If you have a struggling reader, you might wonder how to help them, when to help them and why they are in fact struggling. The following is a roadmap for educators of struggling readers. Learning phonics is important. However, learning phonics is not enough.
Learning to read is not natural
Kids don’t learn to read automatically. Think of our writing system as a code. Teachers must give the child the key to the code. Since beginning readers are like cryptographers, we must guide them and give them access to the code in a clear, systematic way. Learning phonics allows kids to learn the code.
Decoding is not correlated with intelligence
About 30% of children will struggle to learn how to read. If a child falls behind, he simply needs good, research-based instruction. Kids (and even adults) use ease of decoding as a proxy for intelligence. It is not. There is no correlation between intelligence and decoding. Learning phonics can skyrocket struggling readers to the next level.
Learning phonics requires explicit instruction
Explicit means the child doesn’t have to guess the code. Phonics sounds are introduced clearly, placed on a sound chart, sound cards and woven into instruction.
Learning phonics requires systematic instruction
Systematic means phonics sounds are introduced slowly, about 1-2 new units at a time. The child is not bombarded with the code at once, or even given a substantial amount of the code. He must develop familiarity with each new piece of the code before learning more.
Learning phonics requires decodable texts
Decodable texts are specially designed to allow the child to practice the piece of the code he knows. For example, if a child knows the code up to the ee/ea units, he might read a sentence like, “The eel swam to the reef.” Since the child’s reading knowledge is incremental, decodable texts are too. For a sample decodable text, check out: Free ee/ea Phonics Book
Whole language is ineffective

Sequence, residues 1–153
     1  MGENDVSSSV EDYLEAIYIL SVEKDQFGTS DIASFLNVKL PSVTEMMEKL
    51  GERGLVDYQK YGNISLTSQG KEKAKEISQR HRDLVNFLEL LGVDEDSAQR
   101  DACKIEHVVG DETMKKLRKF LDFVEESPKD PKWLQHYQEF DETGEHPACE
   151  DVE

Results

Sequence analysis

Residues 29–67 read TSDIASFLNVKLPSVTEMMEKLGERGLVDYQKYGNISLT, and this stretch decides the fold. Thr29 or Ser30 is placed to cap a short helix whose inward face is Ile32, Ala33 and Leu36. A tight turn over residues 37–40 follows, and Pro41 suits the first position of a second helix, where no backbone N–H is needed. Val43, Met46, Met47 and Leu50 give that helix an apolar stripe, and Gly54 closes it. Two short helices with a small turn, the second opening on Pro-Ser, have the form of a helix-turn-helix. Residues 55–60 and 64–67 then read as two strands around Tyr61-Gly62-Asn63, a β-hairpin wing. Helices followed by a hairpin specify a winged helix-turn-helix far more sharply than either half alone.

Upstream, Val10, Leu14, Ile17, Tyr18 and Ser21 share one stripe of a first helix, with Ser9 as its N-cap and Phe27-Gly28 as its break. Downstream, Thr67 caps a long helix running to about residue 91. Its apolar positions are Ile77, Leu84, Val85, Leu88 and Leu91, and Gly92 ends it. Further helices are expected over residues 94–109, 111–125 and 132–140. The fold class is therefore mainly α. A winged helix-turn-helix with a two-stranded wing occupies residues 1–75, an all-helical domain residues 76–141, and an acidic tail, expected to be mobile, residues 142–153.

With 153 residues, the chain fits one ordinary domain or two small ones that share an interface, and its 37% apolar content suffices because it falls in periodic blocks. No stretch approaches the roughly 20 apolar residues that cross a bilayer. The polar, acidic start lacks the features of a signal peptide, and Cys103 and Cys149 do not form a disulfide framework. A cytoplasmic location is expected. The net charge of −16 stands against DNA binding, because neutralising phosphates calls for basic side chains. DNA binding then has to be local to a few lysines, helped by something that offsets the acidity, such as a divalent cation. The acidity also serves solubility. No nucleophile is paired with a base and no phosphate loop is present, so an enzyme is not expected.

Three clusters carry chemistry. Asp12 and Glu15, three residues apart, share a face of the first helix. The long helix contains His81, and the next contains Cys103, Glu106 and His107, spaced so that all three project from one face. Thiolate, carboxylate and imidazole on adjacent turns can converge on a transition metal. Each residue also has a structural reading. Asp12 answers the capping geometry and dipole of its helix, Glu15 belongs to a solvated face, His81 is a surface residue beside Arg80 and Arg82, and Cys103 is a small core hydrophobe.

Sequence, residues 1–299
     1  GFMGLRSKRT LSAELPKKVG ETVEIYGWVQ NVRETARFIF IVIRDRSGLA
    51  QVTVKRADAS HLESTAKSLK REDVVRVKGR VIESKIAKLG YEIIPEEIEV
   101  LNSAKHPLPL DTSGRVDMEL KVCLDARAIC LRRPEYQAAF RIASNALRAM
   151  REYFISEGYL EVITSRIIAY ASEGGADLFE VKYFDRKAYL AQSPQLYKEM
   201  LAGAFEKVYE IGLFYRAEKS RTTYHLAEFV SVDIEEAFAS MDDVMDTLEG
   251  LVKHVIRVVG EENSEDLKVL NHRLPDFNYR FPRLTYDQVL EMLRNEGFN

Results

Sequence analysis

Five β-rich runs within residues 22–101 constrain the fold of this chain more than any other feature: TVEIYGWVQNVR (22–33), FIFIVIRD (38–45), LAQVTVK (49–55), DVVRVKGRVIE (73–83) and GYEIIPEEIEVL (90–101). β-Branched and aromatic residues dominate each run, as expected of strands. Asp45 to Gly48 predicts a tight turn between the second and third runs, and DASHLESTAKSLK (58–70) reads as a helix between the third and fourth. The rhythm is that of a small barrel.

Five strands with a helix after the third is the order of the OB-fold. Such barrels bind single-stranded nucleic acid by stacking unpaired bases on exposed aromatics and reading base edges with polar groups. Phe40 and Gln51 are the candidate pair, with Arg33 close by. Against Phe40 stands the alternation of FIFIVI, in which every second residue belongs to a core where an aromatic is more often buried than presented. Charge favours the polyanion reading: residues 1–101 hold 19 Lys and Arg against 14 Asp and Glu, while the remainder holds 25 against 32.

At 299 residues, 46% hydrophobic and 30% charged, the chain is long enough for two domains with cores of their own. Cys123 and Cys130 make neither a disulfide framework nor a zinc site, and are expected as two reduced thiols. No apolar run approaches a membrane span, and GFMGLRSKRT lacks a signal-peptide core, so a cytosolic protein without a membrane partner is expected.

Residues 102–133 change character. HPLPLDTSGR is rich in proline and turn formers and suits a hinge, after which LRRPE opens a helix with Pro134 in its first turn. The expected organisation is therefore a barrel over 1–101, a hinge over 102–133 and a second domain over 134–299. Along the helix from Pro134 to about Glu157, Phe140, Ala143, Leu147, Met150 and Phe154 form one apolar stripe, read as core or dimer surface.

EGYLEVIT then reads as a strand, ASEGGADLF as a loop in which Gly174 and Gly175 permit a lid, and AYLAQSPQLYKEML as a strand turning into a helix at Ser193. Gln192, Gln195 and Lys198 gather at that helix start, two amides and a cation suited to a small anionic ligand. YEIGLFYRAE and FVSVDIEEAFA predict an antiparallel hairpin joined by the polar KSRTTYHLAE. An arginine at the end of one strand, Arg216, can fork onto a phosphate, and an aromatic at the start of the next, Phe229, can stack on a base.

Whole language is a method that expects kids to memorize whole words rather than read sound-by-sound. Kids memorize long lists of reading and spelling words. Kids must “get it.” Whole language advocates argue that learning phonics is fruitless and ineffective.
California implemented whole language in 1987. State reading scores plummeted so low California had the lowest reading scores in the nation. Functional illiteracy soared to 60%. Given the dire reading rates of California’s school children, lawmakers mandated phonics. Unfortunately, whole language remains a strong, powerful influence in nearly all schools under the guise of “balanced-literacy.”
Balanced literacy is whole language and sloppy phonics
Balanced literacy programs admit learning phonics is important. However, they teach phonics in a sloppy, unsystematic way. They are very popular, because they have expert marketing teams that sell the very tantalizing idea that learning to read is easy.
Get a reading intervention when the child falls behind
Many parents hear that it’s okay to wait and see if the child catches on to reading. The wait and see approach puts children at risk for The Matthew Effect in Reading. Without a reading intervention, the good readers get better and the poor readers get worse. In addition, as the years pass, the gap between good readers and poor readers widens.
If a child reads late, the child will lose opportunities to build phonemic awareness, decoding skills, fluency, vocabulary and syntactic knowledge. The child loses confidence and won’t read for fun. A leveled reading intervention can break this negative cycle. A reading intervention must emphasis learning phonics in an explicit, systematic way that uses decodable texts.
But Swedish children learn to read late and they’re some of the best readers in the world
Have you heard about how Swedish kids are great readers?
Of course they are! Their language has a simple sound-to-sound correspondence. Their code is easier. Swedish parents send their kids to school at age 7 and their children learn to read in a matter of months. Literally, Swedish kids learn to read by December of that first school year. Swedish kids aren’t better readers because they learn to read at age 7. They’re better readers because Swedish is so transparent.
In contrast, English readers learn the code by age 9. English spelling is complex. It is one of the hardest languages to learn how to read. Kids in English-speaking countries take 4 years to learn how to read. Ideally, kids incrementally crack the code in K-3. Reading late can put English-speaking kids really far behind on so many literacy measures.
For more information on learning phonics check out:
If you’d like decodable books, check out The Printable Phonics Books Library.